Laptop ban makes no sense

Laptops are about as popular as cigarette smoking on the floor of the U.S. Senate. Tradition-bound members of the Senate Rules Committee last week voted not to allow lawmakers to use laptop computers for any purpose in the Senate chamber. The voice vote was not recorded. The reasons given for the apparent anti-technology decision were many: They make too much noise run contrary to tradition and our favorite could interfere with senators' "interpersonal communications."

The reality is that a group of individuals charged with overseeing some of the government's largest information technology modernization projects is unwilling to allow even basic computer technology into their work space. When Senate staff members were granted access to the World Wide Web almost two years ago Sen. John Warner (R-Va.) said lawmakers did not want to fall behind their constituents as e-mail video and Internet services become ubiquitous. At a hearing around the same time minority leader Sen. Wendell Ford (D-Ken.) expressed concern about how the Senate could keep its members supplied with the latest systems when technology was advancing so rapidly. We find it hard to believe that these same two lawmakers are among those now trying to stifle the use of technology on the Senate floor.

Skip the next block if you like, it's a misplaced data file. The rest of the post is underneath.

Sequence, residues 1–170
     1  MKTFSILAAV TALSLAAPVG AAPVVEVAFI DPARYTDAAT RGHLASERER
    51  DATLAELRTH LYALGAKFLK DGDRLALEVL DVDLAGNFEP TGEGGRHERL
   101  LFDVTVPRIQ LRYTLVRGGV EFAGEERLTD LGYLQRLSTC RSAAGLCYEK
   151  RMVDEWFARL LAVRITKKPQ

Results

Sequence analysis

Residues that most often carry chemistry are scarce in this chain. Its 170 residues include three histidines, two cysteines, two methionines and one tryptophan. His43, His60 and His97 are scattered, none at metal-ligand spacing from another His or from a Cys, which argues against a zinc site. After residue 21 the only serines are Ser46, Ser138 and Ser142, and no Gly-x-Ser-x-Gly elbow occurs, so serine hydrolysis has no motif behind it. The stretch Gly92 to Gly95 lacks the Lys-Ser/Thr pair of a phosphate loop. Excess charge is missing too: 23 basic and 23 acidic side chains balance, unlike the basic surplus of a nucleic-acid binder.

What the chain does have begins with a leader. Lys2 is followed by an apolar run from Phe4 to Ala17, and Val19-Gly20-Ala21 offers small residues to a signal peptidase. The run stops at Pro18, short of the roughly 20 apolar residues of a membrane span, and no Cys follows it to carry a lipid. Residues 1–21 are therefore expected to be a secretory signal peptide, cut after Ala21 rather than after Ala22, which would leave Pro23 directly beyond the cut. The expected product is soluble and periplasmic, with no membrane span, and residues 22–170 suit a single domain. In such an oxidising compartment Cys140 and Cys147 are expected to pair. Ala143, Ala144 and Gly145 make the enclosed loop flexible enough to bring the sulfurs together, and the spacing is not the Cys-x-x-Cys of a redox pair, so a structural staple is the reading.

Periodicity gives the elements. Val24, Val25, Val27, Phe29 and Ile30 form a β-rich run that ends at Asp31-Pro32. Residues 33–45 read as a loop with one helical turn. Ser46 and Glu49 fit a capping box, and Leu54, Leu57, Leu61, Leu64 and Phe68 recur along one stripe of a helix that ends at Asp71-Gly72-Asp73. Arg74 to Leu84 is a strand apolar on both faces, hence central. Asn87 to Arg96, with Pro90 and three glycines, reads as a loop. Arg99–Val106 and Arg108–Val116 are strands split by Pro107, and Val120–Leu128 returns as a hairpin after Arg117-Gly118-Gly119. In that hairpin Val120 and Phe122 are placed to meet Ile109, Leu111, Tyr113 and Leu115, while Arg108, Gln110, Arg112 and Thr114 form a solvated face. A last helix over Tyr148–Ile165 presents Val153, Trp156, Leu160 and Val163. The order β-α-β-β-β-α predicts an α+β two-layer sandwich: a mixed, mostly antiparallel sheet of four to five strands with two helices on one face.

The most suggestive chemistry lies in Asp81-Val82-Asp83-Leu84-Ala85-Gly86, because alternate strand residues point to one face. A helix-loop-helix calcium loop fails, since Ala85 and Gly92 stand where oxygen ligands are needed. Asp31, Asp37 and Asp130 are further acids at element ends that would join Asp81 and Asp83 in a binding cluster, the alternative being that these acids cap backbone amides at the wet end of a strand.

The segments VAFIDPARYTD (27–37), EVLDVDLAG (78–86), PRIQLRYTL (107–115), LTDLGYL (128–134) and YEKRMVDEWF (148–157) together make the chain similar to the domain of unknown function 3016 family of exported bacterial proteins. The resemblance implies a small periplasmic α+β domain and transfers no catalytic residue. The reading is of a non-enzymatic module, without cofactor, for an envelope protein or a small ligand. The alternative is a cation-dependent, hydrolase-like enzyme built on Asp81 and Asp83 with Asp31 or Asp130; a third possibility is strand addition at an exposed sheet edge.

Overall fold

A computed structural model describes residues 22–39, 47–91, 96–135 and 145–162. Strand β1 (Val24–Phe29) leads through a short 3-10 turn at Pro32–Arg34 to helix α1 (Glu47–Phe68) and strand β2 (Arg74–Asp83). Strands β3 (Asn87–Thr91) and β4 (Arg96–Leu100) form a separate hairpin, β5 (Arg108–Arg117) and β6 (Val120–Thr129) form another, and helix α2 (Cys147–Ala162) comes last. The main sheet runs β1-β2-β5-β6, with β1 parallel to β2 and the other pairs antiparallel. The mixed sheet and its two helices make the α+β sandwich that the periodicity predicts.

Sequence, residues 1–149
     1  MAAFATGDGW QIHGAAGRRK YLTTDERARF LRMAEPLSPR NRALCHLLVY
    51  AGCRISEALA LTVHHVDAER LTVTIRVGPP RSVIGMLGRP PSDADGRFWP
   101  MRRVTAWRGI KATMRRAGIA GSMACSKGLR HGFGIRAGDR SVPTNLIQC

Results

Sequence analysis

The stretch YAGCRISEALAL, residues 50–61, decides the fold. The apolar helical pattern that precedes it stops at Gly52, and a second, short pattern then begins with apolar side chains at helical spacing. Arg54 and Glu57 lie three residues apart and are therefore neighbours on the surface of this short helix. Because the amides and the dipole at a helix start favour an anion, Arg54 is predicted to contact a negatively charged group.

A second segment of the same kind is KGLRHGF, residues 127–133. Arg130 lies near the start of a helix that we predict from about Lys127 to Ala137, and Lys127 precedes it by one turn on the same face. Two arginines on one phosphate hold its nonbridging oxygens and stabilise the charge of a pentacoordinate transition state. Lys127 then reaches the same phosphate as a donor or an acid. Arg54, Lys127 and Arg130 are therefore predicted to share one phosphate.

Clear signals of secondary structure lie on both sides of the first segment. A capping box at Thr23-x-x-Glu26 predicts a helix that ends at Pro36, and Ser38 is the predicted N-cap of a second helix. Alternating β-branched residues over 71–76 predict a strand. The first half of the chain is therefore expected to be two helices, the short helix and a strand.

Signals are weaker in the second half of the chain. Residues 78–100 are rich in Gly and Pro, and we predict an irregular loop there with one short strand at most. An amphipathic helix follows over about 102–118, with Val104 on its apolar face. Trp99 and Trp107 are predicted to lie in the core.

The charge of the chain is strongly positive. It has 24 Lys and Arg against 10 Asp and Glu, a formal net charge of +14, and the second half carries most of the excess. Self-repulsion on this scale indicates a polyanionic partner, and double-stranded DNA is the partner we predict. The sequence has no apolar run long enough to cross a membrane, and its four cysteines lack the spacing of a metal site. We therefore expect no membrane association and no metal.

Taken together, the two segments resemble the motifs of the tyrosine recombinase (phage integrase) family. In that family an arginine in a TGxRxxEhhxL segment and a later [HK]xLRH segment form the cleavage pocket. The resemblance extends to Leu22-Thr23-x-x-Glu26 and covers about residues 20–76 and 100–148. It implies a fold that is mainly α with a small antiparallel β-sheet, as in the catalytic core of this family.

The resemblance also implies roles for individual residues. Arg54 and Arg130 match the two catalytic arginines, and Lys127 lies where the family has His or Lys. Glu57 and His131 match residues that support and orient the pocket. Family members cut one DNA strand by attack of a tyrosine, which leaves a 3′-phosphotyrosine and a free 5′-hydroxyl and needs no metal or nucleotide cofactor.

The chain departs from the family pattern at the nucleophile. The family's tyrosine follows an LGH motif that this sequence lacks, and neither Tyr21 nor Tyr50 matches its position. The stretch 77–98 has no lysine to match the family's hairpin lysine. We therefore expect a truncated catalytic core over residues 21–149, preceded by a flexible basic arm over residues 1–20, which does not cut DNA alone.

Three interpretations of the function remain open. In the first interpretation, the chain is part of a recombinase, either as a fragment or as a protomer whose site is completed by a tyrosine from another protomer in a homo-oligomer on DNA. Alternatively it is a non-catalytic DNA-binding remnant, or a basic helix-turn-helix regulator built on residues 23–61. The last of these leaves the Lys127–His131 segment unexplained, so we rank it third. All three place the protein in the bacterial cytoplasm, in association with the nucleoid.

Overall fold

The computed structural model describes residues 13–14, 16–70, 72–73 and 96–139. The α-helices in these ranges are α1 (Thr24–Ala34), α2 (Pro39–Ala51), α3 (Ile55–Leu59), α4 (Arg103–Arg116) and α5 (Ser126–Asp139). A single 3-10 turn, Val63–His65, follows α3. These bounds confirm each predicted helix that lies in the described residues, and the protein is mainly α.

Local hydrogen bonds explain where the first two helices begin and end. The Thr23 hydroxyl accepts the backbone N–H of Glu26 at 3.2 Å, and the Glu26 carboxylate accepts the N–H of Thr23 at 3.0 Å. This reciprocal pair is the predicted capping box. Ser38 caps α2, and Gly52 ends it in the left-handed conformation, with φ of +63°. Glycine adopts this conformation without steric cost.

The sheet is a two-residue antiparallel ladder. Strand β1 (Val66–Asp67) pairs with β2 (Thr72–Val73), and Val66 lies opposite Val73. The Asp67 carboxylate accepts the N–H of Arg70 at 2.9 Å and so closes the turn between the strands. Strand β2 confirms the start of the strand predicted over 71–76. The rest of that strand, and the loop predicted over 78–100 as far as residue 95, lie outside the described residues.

Journalists are often faulted for what many see as a constant resistance to change. But it is rare indeed to find a newsroom today that is not highly automated. Not only do reporters file stories via computers they frequently take notes and do research on them.

It is hard to come up with a convincing reason why individual lawmakers should not be allowed to trade in pad and pencil for a lightweight laptop computer.

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